4 Legal Things to Have in Place Before Moving to a Care Facility

If you have lived in your home for decades but have now made the tough decision to move to a care facility, you will have plenty of things on your mind. But along with getting your belongings to your new residence, there are also numerous legal details you should have in place before you move. To make sure no unpleasant legal surprises come your way later on, here are four things you should always take care of beforehand.

1- Asset Protection

To make sure you are able to protect the value of your estate and avoid having the costs of living at a care facility leave you with next to nothing financially, protect your assets by establishing an irrevocable trust. Managed by a trustee of your choosing, this type of trust will transfer ownership of your cash to the trust, meaning it will legally no longer be part of your estate. Though this may sound scary, the good news is that you will still be able to work with your trustee to have a say in how your money is handled.

2- Powers of Attorney

Extremely important documents, having various powers of attorney in place will give you peace of mind, knowing you will have others who can make decisions on your behalf if necessary. The two most important types of powers of attorney are medical and financial. Should you become incapacitated through illness, the people to whom you give this legal authority will make the best possible decisions under the circumstances.

3- Last Will and Testament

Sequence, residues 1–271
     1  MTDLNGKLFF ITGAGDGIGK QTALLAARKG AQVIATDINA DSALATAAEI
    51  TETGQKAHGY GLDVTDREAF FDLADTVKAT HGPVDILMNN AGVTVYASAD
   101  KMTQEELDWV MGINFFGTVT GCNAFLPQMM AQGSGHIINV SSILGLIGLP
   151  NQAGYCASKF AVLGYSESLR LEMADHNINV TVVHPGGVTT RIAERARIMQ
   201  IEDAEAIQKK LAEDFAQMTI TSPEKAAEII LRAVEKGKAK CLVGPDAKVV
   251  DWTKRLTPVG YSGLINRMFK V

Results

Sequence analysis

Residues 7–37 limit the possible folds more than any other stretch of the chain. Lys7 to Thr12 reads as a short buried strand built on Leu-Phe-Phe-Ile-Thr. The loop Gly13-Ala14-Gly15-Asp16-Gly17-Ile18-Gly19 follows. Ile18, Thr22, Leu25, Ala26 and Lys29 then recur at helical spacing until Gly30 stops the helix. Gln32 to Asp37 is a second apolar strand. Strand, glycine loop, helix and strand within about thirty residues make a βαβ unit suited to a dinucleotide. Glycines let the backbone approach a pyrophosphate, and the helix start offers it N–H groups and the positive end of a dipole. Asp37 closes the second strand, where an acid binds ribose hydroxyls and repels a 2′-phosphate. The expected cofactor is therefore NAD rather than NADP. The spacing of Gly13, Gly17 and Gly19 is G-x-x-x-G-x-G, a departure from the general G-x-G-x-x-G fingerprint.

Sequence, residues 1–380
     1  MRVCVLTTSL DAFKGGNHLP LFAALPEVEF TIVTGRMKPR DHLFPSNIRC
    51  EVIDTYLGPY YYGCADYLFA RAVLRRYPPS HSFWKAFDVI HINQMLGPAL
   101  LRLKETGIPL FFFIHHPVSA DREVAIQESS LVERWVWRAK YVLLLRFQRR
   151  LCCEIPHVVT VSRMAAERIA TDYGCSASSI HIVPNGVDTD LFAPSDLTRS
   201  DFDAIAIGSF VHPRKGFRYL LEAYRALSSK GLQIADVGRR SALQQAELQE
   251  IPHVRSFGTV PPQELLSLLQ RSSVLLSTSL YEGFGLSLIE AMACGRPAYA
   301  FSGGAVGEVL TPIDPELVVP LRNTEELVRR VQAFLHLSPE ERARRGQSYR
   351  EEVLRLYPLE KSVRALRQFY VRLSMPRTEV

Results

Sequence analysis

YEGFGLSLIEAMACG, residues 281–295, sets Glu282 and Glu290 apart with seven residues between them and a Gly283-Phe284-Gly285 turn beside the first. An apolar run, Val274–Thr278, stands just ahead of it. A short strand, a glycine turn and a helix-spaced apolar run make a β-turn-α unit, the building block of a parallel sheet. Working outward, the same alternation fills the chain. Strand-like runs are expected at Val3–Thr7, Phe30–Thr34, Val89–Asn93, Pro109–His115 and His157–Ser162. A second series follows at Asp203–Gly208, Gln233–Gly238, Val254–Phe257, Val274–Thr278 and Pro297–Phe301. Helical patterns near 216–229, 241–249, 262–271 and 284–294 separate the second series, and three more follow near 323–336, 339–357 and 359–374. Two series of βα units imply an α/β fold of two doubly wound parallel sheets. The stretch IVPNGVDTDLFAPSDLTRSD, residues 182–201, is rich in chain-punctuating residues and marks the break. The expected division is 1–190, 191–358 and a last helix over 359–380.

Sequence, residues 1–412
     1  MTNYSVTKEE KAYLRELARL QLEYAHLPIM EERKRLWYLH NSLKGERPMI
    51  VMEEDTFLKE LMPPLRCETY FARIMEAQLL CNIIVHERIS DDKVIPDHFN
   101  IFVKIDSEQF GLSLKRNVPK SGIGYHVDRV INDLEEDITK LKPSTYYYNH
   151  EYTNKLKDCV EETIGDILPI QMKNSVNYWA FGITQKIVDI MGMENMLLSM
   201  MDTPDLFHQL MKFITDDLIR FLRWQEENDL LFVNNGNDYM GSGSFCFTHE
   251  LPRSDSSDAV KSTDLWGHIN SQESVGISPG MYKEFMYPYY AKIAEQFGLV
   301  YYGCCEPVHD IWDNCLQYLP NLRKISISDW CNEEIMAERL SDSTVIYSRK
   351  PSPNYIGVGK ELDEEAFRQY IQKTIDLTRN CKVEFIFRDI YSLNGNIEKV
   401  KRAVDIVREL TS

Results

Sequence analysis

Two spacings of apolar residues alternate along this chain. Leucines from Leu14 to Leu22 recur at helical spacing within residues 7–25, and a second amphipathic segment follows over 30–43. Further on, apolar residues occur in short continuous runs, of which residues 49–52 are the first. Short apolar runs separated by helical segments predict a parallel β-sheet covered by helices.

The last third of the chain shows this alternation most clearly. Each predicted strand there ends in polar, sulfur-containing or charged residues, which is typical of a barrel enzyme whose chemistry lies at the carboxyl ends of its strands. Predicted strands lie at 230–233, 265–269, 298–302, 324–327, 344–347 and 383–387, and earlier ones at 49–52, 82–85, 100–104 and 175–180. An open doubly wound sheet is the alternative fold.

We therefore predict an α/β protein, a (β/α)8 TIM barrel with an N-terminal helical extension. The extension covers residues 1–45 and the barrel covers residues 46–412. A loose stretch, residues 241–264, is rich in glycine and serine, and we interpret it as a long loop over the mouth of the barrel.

To make sure your final wishes are carried out exactly as you want, never move into a care facility of any type without first drafting a last will and testament. This can be crucial, since if the unthinkable happens and you pass away without having a will in place, your family members and others may endure a years-long battle over your estate. Should you already have a will in place prior to moving to a care facility, make sure it is updated to reflect your current situation. Should you have been recently divorced or had a spouse pass away, ensure your estate will go to those you love the most.

4- Advance Directive

Also called a living will, having an advance directive in place will be vital if your health takes a turn for the worse. This legal document lets you clearly have your medical wishes in writing. Doing so will let others know the types of medical treatment you want or do not want if you are seriously ill and unable to communicate with doctors or others. For example, you can specify if you wish to be resuscitated through CPR, if you want to be placed on life-support systems, or if you wish to donate your organs upon death.

Once you work with an attorney to get these legal details in place, you can move into a care facility much more easily, knowing you and your friends and family now have peace of mind. Having an advance directive, also called a living will, in place is crucial for safeguarding your healthcare decisions in case of a health crisis.